NFT thefts make headlines. Indrė Viltrakytė is the co-founder of The Rebels and explains how you can protect yourself.
Phishing attacks are nothing new and sometimes even easy to detect. For example, when a prince from a distant country asks you to send him your bank details. But sometimes such scams are also more difficult to detect. For example, when a seemingly trustworthy source asks you to approve the release of your crypto and NFT assets.
This happened recently in a phishing theft from NFTs. A Premint platform was affected, on which users agreed to a request to hand over control of their assets to an unknown company.
On July 17, 2022, the popular NFT platform Premint NFT was hacked. The perpetrators managed to implement a code on the official website of Premint, which asked users to connect their wallets “Permits for all” adjust. In this way, the attackers were able to access the crypto assets and steal 314 NFTs worth $ 430,000.
The world of NFTs is still in its infancy and could be vulnerable to further phishing attacks.
NFT thefts: what is stolen?
When we think of the word NFT, we usually think of a unique, digital image that is connected to the blockchain. However, the whole thing is a little more complicated. When talking about NFTs, the traceability of property and uniqueness are always emphasized. But nowhere in the NFT standard is it stated what the unique tokens represent. Basically, the tokens are nothing more than unique numbers, only the authors of an NFT collection define what these tokens stand for.
In addition, the images themselves are usually not stored in the crypto wallet, since the tied one is not part of the NFT contract. Only a hash of the image could be in the contract to establish a connection to the thing that represents the NFT. In addition, the NFT standard does not care about the value or the purchase and sale operations of a token, but only about the methods of transferring the NFTs as property. Only the marketplaces and the community build on this and treat the NFTs as tradable assets.
Thus, NFTs are mostly bought as collectibles and often used for investment purposes. Practical applications have only been around for a short time. An example of this are digital fashion wearables in the Metaverse.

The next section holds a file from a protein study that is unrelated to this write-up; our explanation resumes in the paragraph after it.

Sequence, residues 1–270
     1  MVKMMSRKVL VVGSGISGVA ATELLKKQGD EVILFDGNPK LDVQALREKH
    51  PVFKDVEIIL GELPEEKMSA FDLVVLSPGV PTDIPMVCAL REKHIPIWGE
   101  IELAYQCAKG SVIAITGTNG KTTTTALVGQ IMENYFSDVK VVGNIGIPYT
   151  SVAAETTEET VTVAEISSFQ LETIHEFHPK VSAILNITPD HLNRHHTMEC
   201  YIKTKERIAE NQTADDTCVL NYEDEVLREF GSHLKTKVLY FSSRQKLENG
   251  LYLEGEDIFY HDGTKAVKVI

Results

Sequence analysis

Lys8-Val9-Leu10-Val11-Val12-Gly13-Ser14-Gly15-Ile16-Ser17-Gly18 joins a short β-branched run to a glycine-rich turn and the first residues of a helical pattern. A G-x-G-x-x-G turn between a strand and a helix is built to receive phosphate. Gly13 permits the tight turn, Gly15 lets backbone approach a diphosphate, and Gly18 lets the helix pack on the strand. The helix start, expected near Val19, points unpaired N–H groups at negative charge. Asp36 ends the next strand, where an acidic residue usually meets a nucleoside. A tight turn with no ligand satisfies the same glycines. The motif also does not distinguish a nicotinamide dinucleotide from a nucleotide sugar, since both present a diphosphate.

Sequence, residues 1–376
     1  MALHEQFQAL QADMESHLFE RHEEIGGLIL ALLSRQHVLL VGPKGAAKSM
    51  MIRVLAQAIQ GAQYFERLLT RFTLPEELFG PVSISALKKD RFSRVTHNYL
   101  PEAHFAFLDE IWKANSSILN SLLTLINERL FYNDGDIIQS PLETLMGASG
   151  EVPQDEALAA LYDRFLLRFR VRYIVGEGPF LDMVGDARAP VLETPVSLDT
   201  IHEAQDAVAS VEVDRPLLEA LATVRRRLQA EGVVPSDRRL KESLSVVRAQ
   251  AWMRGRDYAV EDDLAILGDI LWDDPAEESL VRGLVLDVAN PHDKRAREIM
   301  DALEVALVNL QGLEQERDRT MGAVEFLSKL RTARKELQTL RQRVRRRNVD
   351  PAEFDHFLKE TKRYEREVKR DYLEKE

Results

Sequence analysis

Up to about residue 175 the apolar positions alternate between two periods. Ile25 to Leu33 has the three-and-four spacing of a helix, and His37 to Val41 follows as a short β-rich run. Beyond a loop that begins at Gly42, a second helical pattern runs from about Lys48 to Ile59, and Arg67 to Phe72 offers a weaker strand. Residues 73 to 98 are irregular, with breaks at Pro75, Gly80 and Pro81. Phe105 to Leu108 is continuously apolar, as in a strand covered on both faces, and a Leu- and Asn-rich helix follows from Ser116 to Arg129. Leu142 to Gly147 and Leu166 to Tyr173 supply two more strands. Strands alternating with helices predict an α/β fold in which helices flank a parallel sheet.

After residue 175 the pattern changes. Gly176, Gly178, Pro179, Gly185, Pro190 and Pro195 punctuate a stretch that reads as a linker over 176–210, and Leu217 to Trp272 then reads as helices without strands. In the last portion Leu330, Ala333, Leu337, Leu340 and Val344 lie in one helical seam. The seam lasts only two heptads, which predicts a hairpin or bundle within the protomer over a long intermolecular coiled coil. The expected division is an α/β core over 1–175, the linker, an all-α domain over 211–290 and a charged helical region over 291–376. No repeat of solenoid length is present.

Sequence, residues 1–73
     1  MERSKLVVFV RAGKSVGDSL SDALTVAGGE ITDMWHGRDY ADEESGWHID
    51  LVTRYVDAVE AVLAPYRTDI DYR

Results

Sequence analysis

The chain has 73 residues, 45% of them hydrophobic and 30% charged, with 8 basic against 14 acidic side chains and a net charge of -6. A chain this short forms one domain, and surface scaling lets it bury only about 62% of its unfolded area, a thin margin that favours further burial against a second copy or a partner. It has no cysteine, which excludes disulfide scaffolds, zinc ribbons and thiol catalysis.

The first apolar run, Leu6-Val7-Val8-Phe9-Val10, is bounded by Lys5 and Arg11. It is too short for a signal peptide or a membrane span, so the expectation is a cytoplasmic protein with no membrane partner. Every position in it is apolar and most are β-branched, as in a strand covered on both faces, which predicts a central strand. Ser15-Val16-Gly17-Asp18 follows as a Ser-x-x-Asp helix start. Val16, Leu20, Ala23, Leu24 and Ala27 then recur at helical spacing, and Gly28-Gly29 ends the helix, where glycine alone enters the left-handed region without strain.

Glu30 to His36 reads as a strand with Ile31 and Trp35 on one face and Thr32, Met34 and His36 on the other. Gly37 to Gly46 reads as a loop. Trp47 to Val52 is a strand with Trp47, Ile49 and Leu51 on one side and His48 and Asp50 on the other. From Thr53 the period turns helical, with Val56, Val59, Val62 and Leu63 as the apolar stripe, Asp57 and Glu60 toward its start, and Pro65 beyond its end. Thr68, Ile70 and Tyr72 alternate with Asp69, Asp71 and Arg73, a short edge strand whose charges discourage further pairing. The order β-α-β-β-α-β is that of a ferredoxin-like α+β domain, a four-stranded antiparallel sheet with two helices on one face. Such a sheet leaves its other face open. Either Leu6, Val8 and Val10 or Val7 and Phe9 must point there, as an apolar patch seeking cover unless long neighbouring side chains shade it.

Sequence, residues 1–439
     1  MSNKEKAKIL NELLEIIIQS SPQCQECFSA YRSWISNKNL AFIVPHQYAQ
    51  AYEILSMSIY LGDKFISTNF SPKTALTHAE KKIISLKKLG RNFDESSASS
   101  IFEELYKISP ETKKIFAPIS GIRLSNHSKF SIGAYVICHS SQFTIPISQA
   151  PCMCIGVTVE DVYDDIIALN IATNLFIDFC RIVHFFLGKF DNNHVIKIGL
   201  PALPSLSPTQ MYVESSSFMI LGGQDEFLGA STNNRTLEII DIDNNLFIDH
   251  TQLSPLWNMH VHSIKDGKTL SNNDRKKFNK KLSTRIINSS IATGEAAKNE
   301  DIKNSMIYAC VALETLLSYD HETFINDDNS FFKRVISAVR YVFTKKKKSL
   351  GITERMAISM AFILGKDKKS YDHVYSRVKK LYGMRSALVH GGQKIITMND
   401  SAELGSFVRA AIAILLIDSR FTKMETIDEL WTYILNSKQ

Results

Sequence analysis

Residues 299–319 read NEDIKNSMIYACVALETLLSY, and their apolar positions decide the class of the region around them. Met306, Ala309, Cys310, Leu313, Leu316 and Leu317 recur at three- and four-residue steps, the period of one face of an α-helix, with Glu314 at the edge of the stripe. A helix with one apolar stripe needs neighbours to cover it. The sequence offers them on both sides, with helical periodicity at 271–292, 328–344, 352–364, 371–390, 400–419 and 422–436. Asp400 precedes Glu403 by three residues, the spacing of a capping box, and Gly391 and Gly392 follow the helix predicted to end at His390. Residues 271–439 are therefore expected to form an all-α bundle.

What can we do about thefts in the future?
Who is to blame? Is it the users? Or is it the platform that allowed the attacker to suggest a fraudulent transaction?
In this particular case, the attackers were able to view content in order to entice the user to sign such a transaction.
A vague, plausible-sounding reason for the transaction in combination with confidence in the site was already enough to deceive many users. Nevertheless, it would not be right to expect that the average Web3 user knows how to circumvent such meshes. In this case, most did not have enough technical background knowledge to realize that the transaction actually gave someone access to their NFTs.
If a transaction is proposed by a reputable website, people obviously trust the security of the platform. The assets in the wallets are only as secure as the sum of ALL decentralized applications (dApps) with which the user interacts. Similar cases are likely to recur in the future.
How Dapps could Improve Security:
- Wallets could display more people-oriented information for various known contract interactions. For example, a big red message that says: “Hey, you’re just handing over control of all your NFTs to someone!” That would be much better than the current uppercase “SET APPROVAL FOR ALL” in gray in the transaction confirmation window of the MetaMask.
- Websites could list and publish all of the contract interactions they could. The providers like MetaMask would then reject all atypical transactions.
So users could better protect themselves
- Check the transaction details before signing. This will not protect you 100%, but it is still important to check which method is used for which contract.
- Split NFTs (and other cryptocurrencies) to multiple wallets. If you are tempted to give someone control over your own assets in one wallet, at least the assets in other wallets are safe. Of course, this only applies as long as you do not pass on your private key or the seed phrase.
- Use different wallets for different dapps. This may be a bit inconvenient if the dapp is to interact with assets that are not already in the corresponding wallet, but the security effort is worth it.
About the author;
Indrė Viltrakytė is co-founder of the Web3 fashion company The Rebels. The project has 10101 unique NFT characters based on the controversial advertising campaign “Jesus, Mary”. The campaign was initially banned, but later won the case before the European Court of Human Rights and is now considered a precedent for disputes related to freedom of expression in the EU. Indrė Viltrakytė has more than 10 years of experience in the fashion industry.
The article NFT thefts: is this just the beginning? first appeared on BeInCrypto.